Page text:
This week on War Rocket Ajax, Atomic Robo co-creator Brian Clevinger returns to the podcast! He sits down with Chris Sims and Matt Wilson to talk about Atomic Robo: Real Science Adventures, his work for Marvel and his ill-fated talks with DC, plus Matt addresses a very special hater -- and you can listen right here at ComicsAlliance!
War Rocket Ajax #109: Boo-Hoo, Pay Me with Brian Clevinger
(WARNING: Contains NSFW language)
You can also stream the show using the player above, or download it in MP3 format from WarRocketAjax.com.
In this week's show, Chris is recovering from an illness and admits to doing the single dumbest comics-related thing he has ever done, while Matt's love of pestering cosplayers creates a (very very tiny) moral crossroads. Plus, in the return of one of our most popular segments, Matt gives Big Ups to our first ever Celebrity Hater!
When Brian joins us, he tells us a lot about Atomic Robo, but he also fills us in on doing work for Marvel on Captain America: The Fighting Avenger:
The idea was that it would be a companion book to Thor: The Mighty Avenger, which was canceled like two months before our book came out, so that canceled us before we had a single issue.
Nate Cosby, who at the time was an editor at Marvel and principally concerned with their all-ages material, came to me saying "hey, we need this companion book for Thor, it's gonna be Captain America, '40s, an origin story. Let's do the origin story that you never see: It's his training, he's got the abilities but he doesn't know how to use them, and the military's not sure how to use him or if he's going to be able to do anything." So we cooked up all these plots. I had material for about two or three years to run with, and we were going to do it much like Robo in two to four-issue chunks so that if we got canceled at any time, you know, bam. We're just done, we had our fun.
Of course, that did not account for getting canceled before it came out.
He also tells us about trying to get work at DC:
About a year ago, they called me up and said "Hey Brian, we would like you to work on a relaunch in September of 2011 for Firestorm. Here's a bunch of notes, because we need to spin it out of Blackest Night, he had a big role there, there's kind of a resurgence of his popularity and we want to give him another ongoing series to capitalize on that and take off. We know you're a guy who's big into sci-fi, big into action, big into humor, that's what we want to bring to the book. Give us a pitch. You're the only guy on the list. If you say no, we're kinda screwed. We guarantee you six issues. No matter what happens, you'll get these six issues, and then if we do more, that's great, if not, we'll find more work for you."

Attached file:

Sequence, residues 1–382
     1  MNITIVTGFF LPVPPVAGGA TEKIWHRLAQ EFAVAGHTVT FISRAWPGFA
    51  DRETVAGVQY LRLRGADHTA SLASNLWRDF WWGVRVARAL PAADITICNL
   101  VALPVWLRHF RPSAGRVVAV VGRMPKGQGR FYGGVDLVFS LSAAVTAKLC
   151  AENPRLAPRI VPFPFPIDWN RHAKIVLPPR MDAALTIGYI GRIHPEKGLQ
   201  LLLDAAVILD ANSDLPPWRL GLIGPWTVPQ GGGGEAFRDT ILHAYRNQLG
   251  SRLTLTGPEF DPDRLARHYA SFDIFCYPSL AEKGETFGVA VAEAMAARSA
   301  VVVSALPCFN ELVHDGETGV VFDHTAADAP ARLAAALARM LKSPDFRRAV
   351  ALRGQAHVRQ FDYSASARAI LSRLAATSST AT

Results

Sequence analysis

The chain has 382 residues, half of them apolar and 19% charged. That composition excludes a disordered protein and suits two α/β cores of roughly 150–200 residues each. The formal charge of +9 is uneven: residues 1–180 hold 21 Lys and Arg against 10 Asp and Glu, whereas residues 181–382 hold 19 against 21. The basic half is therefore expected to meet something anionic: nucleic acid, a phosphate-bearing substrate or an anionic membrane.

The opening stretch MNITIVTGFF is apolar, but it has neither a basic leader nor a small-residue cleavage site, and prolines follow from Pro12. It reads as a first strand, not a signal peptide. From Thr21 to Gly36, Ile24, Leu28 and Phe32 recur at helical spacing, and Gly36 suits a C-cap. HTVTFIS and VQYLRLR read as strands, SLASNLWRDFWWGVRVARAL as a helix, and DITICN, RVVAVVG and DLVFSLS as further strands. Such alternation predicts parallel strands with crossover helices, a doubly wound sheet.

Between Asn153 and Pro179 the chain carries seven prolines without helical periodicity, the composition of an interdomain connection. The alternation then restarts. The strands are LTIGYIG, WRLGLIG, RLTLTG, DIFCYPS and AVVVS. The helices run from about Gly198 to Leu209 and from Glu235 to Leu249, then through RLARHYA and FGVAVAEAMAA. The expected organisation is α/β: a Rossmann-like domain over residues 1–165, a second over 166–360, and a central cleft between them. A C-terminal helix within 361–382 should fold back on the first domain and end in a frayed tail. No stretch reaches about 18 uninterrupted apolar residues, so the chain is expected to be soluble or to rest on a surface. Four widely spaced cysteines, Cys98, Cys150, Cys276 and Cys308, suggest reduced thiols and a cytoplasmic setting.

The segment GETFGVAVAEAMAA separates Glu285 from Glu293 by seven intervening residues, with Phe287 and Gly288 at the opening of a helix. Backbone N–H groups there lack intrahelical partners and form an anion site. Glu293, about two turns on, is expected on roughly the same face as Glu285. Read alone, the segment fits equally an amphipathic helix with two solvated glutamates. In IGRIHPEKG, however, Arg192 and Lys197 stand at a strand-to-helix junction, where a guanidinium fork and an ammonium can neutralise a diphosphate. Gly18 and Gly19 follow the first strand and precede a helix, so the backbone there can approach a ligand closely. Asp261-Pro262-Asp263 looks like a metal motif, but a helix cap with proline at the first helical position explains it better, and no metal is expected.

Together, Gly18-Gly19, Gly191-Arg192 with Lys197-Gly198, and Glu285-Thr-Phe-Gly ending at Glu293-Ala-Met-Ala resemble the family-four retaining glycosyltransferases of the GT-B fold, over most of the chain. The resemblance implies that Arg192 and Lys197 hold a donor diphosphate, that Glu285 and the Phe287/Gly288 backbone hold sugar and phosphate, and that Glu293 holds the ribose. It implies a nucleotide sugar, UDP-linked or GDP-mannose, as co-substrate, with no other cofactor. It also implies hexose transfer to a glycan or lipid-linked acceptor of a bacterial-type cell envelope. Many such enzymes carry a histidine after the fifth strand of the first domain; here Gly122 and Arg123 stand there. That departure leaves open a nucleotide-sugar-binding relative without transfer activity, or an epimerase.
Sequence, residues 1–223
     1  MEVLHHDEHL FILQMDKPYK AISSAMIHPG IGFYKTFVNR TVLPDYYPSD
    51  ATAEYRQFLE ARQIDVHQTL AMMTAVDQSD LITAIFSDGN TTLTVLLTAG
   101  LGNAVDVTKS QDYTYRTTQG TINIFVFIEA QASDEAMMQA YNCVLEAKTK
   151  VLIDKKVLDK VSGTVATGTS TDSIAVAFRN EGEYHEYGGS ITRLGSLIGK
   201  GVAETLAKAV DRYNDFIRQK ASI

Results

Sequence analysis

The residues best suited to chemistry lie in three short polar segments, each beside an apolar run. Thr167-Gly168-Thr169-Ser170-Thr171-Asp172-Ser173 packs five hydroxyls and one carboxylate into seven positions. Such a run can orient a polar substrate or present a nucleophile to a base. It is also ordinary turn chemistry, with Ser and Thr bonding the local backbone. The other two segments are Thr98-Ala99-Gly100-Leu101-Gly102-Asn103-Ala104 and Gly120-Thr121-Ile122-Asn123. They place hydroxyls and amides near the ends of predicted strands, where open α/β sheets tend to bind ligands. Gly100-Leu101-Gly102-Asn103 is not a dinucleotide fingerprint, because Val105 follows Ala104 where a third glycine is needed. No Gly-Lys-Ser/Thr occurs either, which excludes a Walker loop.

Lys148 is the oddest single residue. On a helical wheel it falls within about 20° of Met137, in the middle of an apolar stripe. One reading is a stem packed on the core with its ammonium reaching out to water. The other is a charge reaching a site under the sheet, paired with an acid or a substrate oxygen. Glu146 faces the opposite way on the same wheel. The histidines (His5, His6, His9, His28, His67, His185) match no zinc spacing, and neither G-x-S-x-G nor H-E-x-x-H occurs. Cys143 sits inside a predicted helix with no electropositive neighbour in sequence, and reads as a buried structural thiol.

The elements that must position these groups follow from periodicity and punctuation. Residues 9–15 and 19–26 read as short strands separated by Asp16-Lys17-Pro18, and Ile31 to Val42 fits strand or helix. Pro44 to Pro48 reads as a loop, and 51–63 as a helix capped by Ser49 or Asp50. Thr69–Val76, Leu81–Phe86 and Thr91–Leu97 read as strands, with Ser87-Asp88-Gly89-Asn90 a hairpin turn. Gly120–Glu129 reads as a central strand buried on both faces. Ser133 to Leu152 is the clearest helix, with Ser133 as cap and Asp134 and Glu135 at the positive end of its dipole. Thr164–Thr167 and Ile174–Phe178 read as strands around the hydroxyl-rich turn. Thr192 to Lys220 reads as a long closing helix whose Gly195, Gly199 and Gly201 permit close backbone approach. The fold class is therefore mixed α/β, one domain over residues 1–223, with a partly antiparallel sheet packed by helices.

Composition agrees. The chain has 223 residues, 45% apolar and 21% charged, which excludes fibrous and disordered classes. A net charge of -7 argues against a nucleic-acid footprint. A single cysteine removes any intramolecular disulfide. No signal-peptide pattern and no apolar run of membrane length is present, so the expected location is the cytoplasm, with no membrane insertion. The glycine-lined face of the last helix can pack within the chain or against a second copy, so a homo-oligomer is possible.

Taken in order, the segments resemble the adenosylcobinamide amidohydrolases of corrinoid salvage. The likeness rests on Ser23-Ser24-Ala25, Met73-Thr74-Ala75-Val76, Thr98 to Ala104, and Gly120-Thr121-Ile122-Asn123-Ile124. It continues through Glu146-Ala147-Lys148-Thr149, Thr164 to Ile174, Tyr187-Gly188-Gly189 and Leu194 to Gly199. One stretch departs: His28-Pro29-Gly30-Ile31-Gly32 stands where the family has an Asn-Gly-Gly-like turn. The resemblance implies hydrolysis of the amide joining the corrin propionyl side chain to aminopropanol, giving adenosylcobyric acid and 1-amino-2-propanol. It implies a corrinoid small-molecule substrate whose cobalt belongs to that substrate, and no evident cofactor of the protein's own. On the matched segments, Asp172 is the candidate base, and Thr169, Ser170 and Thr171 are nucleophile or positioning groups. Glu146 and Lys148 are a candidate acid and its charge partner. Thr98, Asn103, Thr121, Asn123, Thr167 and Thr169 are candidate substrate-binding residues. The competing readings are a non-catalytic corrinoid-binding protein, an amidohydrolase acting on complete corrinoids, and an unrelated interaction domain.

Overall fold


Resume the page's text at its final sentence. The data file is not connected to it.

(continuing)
So I thought okay, great. Now, previous to this, it has to be said, I have heard nothing but nightmarish stories about working for DC, primarily from writers, but you know, those first few phone calls seemed very positive. I thought "maybe it has changed, that was years ago."
Needless to say, I was kicked from the book before it came out, my guaranteed six issues became zero, here it is a year later and I don't think we've seen my name on a single DC book.
Basically they've said that for contractual reasons, they had to give Firestorm to somebody else, one of their exclusive people, because they ran out of books. Mind you, this was before they announced the 52, so I was like "okay, I guess that's what happens," but clearly, when you introduce fifty-two all-new books, you're not really running out of material. It's not like they had to get rid of me to give it to somebody else.
The editors that I was speaking to had never read Atomic Robo. I don't know how my name got added to the hat, I don't know why I was the only guy on the list, but obviously I wasn't, because then I heard from Gail Simone, who was the person that ended up picking up writing duties. They had told her that somebody else was pitching, they didn't say who it was, but they also told her absolutely that the other person (i.e., myself) knew for a fact that multiple people were pitching. I was told specifically that I was the only person they were even talking to. And so, ever since then, I've been in some kind of contact with people who were the editors behind Firestorm and some other people have called since, offering "hey, you want to do this story." And I'm like "hey, I'll give it a shot, I don't want one bad experience," because it was all in the run-up to the New 52, I understand mistakes happen. I'm an easy guy to work with. But follow-up phone calls never happen, follow-up emails never happen, it's been six or eight months and jobs that were offered never come through.
I can only follow this carrot so far. I have no investment in these characters or IPs, I have no specific love or nostalgia for these stories. If you're just not going to hire me, I'm just not going to pick up the phone.
Justice League #8: "We got a six-issue arc to kick off Justice League that was terribly slow-moving, and this issue bounces around between scenarios that are entirely out of context, as though every reader should be completely familiar with what's happening and completely familiar with these characters that, if the New 52 worked like DC wanted it to work, we have never seen before." "I don't mind drawing on continuity, that's fine, but this continuity isn't supposed to exist."
The Sixth Gun #21: "I like reading this book in big chunks, but I'd read so much about this silent issue and how good it is that I wanted to check it out, and it's worth it. I followed everything that was going on pretty easily, and I loved the body language that Brian Hurtt drew in this issue. It is hitting every note just right." "Even if you've never read The Sixth Gun, I feel like you could pick up this issue and be fine."
Amazing Spider-Man #684: "Matt, don't spoil this for me, but... is Doctor Octopus up to no good?"
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